Ken Burns The Dust Bowl: Blowing San . . .
The Dust Bowl
: Blowing Sand in Our EyesGary NorthNov. 22, 2012
Commercialism: "Something done magniﬁcently that should not have beendoneat all
."Ken Burns is a gifted producer of documentaries. Hisseries on
The Civil War
was an artistic triumph. It hasshaped the way documentaries are made. His subsequenteffort,
, was pretty good if you are a baseballhistory fan.
, whichI reviewed in 2001, was lesssuccessful artistically and in terms of its impact. That hadto do more with the demise of jazz than with Burns'creativity. He told the story well. After 1940, the storyturned dark.His series on World War II,
, was as ﬂat as stalebeer. He never found a way to tell the story of the war. Hefailed to ﬁnd representative chronological incidents thattold a coherent story with an identiﬁable theme. The ﬁlmis a series of chronologically interchangeable stockfootage from the War Department that Burns strungtogether by means of letters and diaries that did not carryany theme that I could detect. The documentary wasmostly noise and nostalgia.His most recent effort,
The Dust Bowl
, is a visualmasterpiece. The script is compelling. Peter Coyote is agreat narrator. The interviews with survivors addauthenticity. But it has one major defect: it is asophisticated propaganda ﬁlm in the tradition of PareLorentz's 1936 ﬁlm,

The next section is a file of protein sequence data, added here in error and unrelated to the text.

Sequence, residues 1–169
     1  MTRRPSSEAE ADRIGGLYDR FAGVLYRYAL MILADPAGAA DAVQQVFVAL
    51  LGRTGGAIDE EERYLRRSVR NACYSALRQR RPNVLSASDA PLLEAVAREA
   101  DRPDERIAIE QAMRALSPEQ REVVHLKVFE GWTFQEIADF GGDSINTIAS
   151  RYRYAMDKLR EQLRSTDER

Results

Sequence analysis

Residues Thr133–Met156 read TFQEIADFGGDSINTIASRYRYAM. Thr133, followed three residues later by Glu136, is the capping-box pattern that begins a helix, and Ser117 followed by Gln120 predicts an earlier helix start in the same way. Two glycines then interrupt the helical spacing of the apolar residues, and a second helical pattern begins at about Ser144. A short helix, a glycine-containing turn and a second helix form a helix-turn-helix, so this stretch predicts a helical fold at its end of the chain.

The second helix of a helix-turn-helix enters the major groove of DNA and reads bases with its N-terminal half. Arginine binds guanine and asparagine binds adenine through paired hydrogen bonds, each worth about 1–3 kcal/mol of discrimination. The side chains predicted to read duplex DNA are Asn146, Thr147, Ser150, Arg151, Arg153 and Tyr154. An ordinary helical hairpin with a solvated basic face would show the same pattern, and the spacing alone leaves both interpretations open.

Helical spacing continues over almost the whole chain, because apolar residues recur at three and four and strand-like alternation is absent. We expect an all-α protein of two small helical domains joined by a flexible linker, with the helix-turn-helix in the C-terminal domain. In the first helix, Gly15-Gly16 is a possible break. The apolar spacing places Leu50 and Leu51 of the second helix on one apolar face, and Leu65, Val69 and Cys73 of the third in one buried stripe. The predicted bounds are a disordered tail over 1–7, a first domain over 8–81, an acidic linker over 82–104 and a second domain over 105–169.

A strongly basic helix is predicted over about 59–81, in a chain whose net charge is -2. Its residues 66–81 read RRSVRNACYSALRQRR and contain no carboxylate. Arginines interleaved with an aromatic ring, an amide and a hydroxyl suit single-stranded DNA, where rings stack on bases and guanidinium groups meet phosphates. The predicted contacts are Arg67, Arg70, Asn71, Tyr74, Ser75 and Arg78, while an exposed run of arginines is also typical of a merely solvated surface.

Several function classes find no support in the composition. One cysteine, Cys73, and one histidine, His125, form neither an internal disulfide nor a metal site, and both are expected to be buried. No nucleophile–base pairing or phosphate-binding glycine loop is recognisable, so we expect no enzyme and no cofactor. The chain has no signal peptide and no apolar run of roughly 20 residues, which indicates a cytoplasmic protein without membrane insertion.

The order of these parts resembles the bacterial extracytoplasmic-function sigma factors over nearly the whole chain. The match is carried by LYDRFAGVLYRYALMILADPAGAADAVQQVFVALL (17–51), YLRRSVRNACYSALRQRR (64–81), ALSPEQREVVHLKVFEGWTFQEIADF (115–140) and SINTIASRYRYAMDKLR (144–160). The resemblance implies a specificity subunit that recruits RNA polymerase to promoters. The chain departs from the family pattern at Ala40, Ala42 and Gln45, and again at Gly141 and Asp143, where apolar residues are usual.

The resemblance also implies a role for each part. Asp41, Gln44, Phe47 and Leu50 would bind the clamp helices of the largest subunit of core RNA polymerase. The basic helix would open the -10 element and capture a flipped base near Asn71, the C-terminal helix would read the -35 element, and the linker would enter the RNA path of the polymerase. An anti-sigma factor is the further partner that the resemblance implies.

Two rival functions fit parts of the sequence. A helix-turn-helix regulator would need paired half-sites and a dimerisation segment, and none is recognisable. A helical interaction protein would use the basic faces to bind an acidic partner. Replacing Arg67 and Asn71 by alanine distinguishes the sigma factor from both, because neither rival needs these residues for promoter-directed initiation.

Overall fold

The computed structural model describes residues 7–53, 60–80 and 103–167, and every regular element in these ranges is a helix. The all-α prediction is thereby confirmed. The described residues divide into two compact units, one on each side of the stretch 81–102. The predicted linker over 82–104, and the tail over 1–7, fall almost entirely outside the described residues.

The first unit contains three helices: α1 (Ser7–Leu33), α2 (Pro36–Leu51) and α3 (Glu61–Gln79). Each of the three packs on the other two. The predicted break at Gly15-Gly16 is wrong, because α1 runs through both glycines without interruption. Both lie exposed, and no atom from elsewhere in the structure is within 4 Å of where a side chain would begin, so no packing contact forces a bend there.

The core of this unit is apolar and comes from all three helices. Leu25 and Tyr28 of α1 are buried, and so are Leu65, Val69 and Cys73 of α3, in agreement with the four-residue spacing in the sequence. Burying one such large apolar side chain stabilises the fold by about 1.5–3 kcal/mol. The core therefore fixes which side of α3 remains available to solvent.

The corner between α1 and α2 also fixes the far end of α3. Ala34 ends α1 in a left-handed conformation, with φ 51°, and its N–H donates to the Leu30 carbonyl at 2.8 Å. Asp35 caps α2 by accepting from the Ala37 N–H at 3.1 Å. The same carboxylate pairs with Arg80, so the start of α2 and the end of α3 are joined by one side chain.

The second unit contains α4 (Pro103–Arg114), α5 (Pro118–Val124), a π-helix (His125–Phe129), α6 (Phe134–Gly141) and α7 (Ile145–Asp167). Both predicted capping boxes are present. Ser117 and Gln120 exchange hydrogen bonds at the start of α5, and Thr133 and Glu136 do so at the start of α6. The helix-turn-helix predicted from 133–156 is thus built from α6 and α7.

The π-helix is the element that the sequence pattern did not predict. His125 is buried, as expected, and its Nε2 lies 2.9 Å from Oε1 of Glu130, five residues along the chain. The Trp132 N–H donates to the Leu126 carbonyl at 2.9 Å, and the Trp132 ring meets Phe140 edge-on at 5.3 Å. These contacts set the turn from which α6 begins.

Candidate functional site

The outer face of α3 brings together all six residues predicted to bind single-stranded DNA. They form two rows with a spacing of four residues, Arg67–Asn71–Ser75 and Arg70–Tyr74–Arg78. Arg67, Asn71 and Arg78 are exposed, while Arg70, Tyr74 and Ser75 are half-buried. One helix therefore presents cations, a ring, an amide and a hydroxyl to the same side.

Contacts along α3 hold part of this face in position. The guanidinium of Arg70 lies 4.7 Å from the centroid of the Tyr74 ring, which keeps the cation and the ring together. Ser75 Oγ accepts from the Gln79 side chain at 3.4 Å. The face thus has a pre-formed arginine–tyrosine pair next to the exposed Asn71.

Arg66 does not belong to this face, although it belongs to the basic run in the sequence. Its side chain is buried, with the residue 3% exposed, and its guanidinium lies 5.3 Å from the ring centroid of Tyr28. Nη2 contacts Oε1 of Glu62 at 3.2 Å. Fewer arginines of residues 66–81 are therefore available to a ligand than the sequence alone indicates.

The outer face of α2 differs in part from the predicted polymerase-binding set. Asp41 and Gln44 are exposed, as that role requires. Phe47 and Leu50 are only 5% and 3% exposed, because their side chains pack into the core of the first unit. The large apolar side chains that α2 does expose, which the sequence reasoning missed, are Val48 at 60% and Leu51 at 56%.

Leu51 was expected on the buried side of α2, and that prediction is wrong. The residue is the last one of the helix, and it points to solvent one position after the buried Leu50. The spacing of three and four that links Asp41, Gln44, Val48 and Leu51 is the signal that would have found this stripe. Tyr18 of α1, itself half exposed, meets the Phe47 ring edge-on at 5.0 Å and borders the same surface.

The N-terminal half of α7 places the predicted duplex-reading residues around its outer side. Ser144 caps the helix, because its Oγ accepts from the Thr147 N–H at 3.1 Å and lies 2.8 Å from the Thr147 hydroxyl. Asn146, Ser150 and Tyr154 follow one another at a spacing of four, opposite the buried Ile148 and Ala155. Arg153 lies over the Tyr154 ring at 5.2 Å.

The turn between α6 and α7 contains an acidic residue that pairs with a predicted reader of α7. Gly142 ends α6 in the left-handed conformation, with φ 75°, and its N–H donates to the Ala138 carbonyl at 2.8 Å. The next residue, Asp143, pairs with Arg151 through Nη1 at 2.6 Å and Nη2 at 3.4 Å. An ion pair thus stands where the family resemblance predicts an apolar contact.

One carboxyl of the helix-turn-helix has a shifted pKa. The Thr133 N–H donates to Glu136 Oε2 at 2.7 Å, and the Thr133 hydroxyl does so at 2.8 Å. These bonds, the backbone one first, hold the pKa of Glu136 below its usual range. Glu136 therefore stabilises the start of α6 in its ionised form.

The Plow That Broke the Plains
. Theﬁrst half of that classic ﬁlm is available onArchive.org.Burns even uses a clip from the movie.
LORENTZ OF ALMOST ARABIA
Lorentz was a paid propagandist. The New Deal put himon its payroll. He had a message: the Great Plains wereturning into a desert. The New Deal alone could save theplains from becoming Arabia. To understand what Burnshas done, you must understand who Lorentz was and whathe did.During the great westward expansion into the Great Plainsof the United States, 1840-90, two myths competed formen's allegiance: the myth of the uncivilized wildernessvs. the myth of the garden. Both myths were based onenvironmental determinism. Beginning in the 1840s, someobservers argued that the arid plains would make savagesof civilized men. But as the American population movedwestward, another myth slowly took shape, or more to thepoint, was shifted from the East to the Midwest: the mythof the garden. The coming of civilization would somehow